There is a border now that divides Manhattan, somewhere to the south of Fourteenth Street. To those of us who have not crossed it since last Tuesday, it is “down there,” a once familiar territory where shops, schools, restaurants, and even some streets are closed. It is, they say, a shuttered dusty place, the gateway to the nightmare that we now call Ground Zero, the nightmare we never thought was possible. Not here.
North of this line, we live in what is a very different city, a city with more of a resemblance to the Gotham that we once knew, that confident city that flourished here in the distant past, before September 11. We are the lucky ones and we know it. Even on Tuesday, life in this safer zone did not, quite, stop. Emerging from my Midtown office that grim, scarred, scared noon, Madison Avenue was quiet, too quiet, but there were still people in the street. They were talking not screaming, they were walking to the shops, not running for their lives. There were, of course, reminders of atrocity elsewhere, the scraps of overheard conversation, frantic and tense, the callers on their cellular phones, redial, redial, redial, and then, at last through, their shouted cries of reassurance audible to all, amplified by anxiety and the high volume etiquette of mobile communication, “No, no, I’m OK, don’t worry.”
And the smoke, not billowing, of course, on Madison and 50th (over Midtown the sky that terrible day remained untouched, a bright, brilliant, taunting blue), but three miles away, “down there.” It mocked us, a cruel cumulus to the south, death’s dark expanding banner, a bleak smudge on the heavens. It was, we already knew, a funeral pyre, and, in its height it was a perverse tribute to the immense size of those two oddly ungainly icons, the twin towers that now meant more to us than we ever could have imagined.
In this tranquil, still civilized part of Manhattan, our taste of smoke came later, with just a whiff on Wednesday when the wind turned north. It was a delayed, acrid belch from the beast that had consumed so many, so much, so quickly, so soon. Downtown’s butchery left other traces too in our zone of unnatural calm, the dust-covered fire engine, parked at 6 A.M. outside the station on a cordoned-off 51st Street, the cops chatting there quietly, tired (how long had they been up?), but still watchful, as a man who tried to bike past them was quick to find out.
There were the flags at half mast, a somber memorial fluttering from the police station, the firehouse and the office buildings. You could see other flags too, less funereal, more defiant, proudly on display in new, unexpected venues, at the entrance to a local bar, on the antenna of a delivery truck, behind the counter of a store. The Red, White and Blue flies “down there” too. We can see it on television, giving some dignity to that other, devastated New York, hanging from the ruins of what was once someone’s work place, put there by a rescue worker with a touch of poetry in his soul. We can only hope that he has survived.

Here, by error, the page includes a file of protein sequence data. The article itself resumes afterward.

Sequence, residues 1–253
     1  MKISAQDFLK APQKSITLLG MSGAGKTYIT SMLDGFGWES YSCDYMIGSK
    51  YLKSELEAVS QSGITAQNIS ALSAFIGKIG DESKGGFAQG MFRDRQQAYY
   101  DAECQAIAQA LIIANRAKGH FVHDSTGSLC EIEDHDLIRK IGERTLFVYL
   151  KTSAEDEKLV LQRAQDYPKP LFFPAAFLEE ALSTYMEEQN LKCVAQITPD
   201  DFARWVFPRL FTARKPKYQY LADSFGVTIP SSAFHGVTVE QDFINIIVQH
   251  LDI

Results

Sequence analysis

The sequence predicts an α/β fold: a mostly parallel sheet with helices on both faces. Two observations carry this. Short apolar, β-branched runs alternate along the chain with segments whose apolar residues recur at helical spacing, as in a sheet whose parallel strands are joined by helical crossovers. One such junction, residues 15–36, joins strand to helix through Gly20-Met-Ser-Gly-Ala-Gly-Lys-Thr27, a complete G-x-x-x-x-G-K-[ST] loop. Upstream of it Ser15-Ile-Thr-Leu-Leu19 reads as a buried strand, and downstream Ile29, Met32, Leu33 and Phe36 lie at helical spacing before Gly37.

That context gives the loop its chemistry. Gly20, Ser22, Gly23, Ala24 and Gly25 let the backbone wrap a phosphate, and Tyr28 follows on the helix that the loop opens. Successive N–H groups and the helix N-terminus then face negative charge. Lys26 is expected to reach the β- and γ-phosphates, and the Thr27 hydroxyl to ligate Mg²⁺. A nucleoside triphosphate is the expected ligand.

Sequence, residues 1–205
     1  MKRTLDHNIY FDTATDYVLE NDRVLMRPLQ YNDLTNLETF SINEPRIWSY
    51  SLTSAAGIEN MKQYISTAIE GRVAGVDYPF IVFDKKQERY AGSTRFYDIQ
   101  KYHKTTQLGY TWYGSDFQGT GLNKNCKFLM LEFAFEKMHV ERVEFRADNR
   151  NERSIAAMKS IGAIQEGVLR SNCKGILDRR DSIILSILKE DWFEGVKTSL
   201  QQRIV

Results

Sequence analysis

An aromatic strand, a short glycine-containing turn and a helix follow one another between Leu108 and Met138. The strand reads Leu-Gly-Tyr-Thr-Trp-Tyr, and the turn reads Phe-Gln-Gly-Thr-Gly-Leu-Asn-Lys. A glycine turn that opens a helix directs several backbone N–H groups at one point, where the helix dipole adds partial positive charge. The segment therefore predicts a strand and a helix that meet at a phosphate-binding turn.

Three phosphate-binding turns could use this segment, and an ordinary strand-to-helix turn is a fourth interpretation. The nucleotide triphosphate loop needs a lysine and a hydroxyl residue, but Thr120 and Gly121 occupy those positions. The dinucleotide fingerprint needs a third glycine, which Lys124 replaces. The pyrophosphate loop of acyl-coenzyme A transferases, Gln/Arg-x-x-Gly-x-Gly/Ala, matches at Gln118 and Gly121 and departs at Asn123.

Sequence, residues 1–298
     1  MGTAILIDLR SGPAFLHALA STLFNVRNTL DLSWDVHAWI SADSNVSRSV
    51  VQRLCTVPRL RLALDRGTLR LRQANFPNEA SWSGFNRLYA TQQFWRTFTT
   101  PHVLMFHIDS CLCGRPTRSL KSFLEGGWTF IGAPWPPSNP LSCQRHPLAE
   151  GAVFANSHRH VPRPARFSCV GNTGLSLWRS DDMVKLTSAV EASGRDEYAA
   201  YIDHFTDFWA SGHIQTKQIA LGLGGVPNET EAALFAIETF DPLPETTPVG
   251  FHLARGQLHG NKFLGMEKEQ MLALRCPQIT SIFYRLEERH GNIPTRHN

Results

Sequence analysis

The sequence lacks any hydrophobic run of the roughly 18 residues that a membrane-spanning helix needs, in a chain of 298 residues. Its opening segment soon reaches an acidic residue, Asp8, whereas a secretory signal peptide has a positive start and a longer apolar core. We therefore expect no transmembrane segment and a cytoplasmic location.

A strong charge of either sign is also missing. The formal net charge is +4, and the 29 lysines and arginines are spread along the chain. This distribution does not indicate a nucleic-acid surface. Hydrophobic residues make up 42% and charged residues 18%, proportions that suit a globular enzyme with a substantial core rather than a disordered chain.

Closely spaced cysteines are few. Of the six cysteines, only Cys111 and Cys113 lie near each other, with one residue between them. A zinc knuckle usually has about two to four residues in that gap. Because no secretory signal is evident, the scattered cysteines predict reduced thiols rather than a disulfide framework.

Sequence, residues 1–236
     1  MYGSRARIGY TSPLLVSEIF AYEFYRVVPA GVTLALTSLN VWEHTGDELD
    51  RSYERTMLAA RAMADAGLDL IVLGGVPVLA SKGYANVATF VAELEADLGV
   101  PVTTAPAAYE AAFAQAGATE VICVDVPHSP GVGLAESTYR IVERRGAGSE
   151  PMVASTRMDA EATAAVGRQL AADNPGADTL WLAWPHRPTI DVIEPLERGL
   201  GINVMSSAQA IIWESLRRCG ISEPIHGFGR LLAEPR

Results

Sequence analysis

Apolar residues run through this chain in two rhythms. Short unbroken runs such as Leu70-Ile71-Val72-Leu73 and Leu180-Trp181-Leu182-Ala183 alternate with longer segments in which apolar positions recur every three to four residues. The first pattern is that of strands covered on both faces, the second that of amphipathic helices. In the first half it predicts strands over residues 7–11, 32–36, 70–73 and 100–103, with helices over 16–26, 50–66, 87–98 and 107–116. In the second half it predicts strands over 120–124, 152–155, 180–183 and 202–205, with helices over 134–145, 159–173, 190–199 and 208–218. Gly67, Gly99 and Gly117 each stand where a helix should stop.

At the deli, at lunchtime the second day, supplies have run a little low (the bridges were closed); the small depleted pile of sandwiches looks even careworn than usual. “How old are these?,” asks the customer, for an instant the voice of that aggressive, querulous Noo Yawk we all know so well. Then he realizes he doesn’t care. He buys his food with a rueful smile. There are more important things to worry about.
The bars in my neighborhood are open, not full, but not empty either, and in the Thai place where a friend (a refugee from an emptied Tribeca) and I ate on Wednesday night, the tables were busy. It will take more than murderers to persuade Manhattan to cook for itself. Only the buzz was different. There is anger now, as well as sadness, and more talk of international politics, probably, than would normally be heard in this restaurant in the course of a year. Osama Bin Laden, it is a name we all know now.
Thursday dawns, and with it, traffic, and some suggestion of a normal life, returns to much of Manhattan. But this is a flawed, illusory normality, undermined by unease and subverted by our sense of unearned survival. At the tip of the island, the firemen and the police still dig, stoic in their own tragedy (how many dead, two hundred, three hundred?) a line that held, a stolid link with the city’s fragile ordered past, the source, we dream, of miracles. Six firemen saved, the television tells us, sheltered in their SUV. They live! We celebrate, high fives in Hell. And then our joy is denied. There is, it turns out, another explanation, and then thoughts return “down there,” to the people we knew, and will know no more.
Night falls. I leave my office building. From the usually taciturn security guard, I hear an almost gentle “take care.” There is a curious smell in the air, pungent and harsh. Meanwhile, outside the hospitals, the relatives wait, photographs in their hands. Have we seen that brother, that wife, that cousin? They were last witnessed at their desk, glimpsed in an elevator, seen in a lobby, and now there is nothing, just silence. Later, past midnight, there is the sound of thunder, and the heavens light up. For an instant, we look up alarmed.
But this time the storm in the sky comes from nature, not man.